09/10/2004 12:00AM

Turf may bring out Rich City Girl's best

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Benoit & Associates
Speedy 2-year-old Rocky River is due for a leisurely five-furlong workout.

CHICAGO - Trainer Christine Janks came out of the gate running this summer at Arlington, but her stable still has something left for the finish. After a mid-summer lull, Janks has won 10 races in less than three weeks, giving her 23 for the meet, just six fewer than leading trainer Frank Kirby.

Janks has one-fifth of a 10-horse field that was entered to run in Sunday's featured Flawlessy Stakes, a grass race at about one mile. Golden Trevally is a solid third-level allowance horse who is in with a chance, but it is Janks's other horse, Rich City Girl, who bears watching in the Flawlessly.

Rich City Girl won a maiden race here last summer by 11 lengths, and followed it with an easy allowance victory, but that was it for her 3-year-old season. This year, Rich City Girl has made four starts, winning once, and she comes into the $42,000 Flawlessly two months after her last race.

"She's had a few little injuries and it's been hard to keep her on a pace or a rhythm," said Janks, who trains Rich City Girl for Allen Tanis. "She has a lot of talent we haven't seen yet."

Janks believes it could come out on turf. Rich City Girl is by the dirt speed sire Carson City, but there are turf stakes horses in her female family. She has made only one start on grass, finishing a close third in a third-level allowance race here in her most recent race.

"I think you'll see her run much better on turf this time," Janks said. "She was a little green on it the first time."

Rich City Girl and Chris Emigh have speed and the rail, and the filly turned in a sharp six-furlong workout for this start on Sept. 1.

"She doesn't usually work very fast," said Janks. "She kind of did that on her own."

Mymich, who starts just outside Rich City Girl, was eighth in a division of the De La Rose Stakes at Saratoga last out, but she won an allowance race here two starts back, and is a legitimate contender. In fact, a case can be made for almost every horse in the Flawlessly, and the race favorite should go off at something like odds of 4-1. Bettors will find value here - if they can find the winner.

Smooth sailing for Rocky River

The undefeated Rocky River, perhaps the fastest 2-year-old at Arlington right now, continues to train well and is on target for the Arlington-Washington Futurity on Sept. 19. Rocky River hasn't breezed since he won the Spectacular Bid Stakes by almost five lengths on Aug. 29, but trainer Don Von Hemel said Rocky River would work five furlongs either Sunday or Monday.

"He'll work as fast as you want, but it won't be too fast this time," Von Hemel said.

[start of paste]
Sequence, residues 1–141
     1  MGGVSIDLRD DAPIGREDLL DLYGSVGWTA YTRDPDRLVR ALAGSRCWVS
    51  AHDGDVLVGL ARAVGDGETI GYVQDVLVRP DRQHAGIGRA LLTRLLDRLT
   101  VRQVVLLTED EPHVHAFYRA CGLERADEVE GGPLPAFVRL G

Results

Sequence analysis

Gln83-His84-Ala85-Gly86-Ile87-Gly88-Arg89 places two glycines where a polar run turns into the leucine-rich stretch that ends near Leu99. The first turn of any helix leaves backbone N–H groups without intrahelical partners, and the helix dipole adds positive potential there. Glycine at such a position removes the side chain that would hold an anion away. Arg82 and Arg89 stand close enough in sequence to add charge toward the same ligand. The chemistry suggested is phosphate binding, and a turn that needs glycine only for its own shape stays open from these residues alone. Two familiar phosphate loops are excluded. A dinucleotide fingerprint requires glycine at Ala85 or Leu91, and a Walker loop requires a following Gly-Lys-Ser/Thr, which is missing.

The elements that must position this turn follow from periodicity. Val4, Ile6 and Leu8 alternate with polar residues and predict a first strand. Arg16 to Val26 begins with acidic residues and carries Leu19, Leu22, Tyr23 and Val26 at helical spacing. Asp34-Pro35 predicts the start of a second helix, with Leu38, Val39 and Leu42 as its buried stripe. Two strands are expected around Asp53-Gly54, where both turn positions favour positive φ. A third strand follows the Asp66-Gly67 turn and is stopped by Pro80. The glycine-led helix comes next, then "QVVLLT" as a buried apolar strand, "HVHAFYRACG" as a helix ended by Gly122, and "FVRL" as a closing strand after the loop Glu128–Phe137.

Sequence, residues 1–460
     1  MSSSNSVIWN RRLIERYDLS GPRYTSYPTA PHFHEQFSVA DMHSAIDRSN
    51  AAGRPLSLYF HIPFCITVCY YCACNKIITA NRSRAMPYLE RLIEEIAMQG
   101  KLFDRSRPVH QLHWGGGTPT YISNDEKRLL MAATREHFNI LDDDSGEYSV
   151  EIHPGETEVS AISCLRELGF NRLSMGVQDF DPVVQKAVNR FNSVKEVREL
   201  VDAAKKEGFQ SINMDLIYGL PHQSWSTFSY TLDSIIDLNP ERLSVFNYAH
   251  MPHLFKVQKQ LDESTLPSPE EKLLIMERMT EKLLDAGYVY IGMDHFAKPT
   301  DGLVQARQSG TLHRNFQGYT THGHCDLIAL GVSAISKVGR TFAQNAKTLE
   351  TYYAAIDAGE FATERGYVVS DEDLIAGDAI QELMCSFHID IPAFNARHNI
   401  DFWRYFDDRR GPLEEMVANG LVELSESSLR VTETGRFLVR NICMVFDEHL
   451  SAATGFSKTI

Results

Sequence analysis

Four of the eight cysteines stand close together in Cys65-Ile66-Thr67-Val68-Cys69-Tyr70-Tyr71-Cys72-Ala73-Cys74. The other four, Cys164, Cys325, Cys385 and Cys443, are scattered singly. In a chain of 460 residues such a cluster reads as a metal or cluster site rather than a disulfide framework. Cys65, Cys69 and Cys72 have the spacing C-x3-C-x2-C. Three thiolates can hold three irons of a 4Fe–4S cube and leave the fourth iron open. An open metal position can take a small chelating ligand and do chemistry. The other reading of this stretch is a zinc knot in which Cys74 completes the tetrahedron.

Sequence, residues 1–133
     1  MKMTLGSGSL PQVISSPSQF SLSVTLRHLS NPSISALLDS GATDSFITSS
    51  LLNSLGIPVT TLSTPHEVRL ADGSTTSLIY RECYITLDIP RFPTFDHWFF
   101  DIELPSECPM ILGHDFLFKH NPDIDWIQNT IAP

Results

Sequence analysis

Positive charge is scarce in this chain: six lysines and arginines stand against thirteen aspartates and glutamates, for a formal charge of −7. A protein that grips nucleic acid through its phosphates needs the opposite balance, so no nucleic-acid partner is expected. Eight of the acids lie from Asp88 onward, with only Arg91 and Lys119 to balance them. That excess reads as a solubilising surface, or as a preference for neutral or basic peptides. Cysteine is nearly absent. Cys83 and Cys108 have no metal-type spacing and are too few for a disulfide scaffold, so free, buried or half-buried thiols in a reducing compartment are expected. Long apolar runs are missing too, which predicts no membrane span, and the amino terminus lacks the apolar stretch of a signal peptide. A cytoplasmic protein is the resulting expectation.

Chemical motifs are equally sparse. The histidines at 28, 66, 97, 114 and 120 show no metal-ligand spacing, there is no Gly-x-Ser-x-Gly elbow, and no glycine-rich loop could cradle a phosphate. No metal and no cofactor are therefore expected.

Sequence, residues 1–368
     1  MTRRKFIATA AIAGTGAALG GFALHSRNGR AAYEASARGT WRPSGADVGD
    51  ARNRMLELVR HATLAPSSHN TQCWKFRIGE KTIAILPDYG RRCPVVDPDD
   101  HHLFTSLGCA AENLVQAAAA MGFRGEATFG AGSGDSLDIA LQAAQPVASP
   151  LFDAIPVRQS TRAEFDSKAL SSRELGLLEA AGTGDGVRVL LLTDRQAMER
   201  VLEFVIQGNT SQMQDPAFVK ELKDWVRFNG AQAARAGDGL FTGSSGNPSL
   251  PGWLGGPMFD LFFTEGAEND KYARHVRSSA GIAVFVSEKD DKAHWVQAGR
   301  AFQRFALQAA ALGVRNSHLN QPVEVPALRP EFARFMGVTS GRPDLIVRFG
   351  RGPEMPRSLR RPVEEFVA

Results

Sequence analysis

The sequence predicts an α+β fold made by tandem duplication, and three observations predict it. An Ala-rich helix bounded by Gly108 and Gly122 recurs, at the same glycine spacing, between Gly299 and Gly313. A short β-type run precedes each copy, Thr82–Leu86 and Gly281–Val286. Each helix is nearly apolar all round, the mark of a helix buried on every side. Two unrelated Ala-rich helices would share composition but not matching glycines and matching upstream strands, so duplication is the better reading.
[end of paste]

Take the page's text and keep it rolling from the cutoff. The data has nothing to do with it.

Von Hemel said he planned all along to limit Rocky River's workouts this month, since just three weeks separate the six-furlong Spectacular Bid and the one-mile Futurity.

"He's a fit horse, and I figured one work would be enough for him," said Von Hemel.

Von Hemel also continues to oversee Bedanken's training for his son, Donnie, who is stabled in Oklahoma and Louisiana. Bedanken, who breezed an easy half-mile Wednesday, runs next in the WinStar Galaxy at Keeneland. She will head directly from Arlington to Kentucky to finish off her preparations for that start, Von Hemel said.

Will Mystery Giver ever race again?

Mystery Giver, badly injured during the Arlington Million, is steadily recovering from his injury, though his future as a racehorse remains uncertain. Trainer Chris Block said Mystery Giver was being walked 30 minutes each day and treated with magnetic therapy as a seriously damaged tendon in his hind leg gradually heals.

Block said Mystery Giver's daily walks had only recently been limited to 10 minutes, and that the gelding appeared to be doing well.

"He's more upright on the leg as a whole," Block said. "He's doing everything you'd want to see him do."

Mystery Giver soon will leave Block's barn for Ocala, Fla., where he will spend the winter.

* Monday marks the third Ride for a Cure, an annual event that raises money for the American Cancer Society. Christine Gabriel, Arlington's in-house television host and a cancer survivor herself, has spearheaded the event, which has grown to include 150 riders this year, many of them Arlington horsemen of one kind or another. Participating riders solicit pledges for a long traipse aboard horses through Chicago's northwest suburbs, and with the help of outside sponsors, the Ride raised $51,000 for cancer research last year, Gabriel said.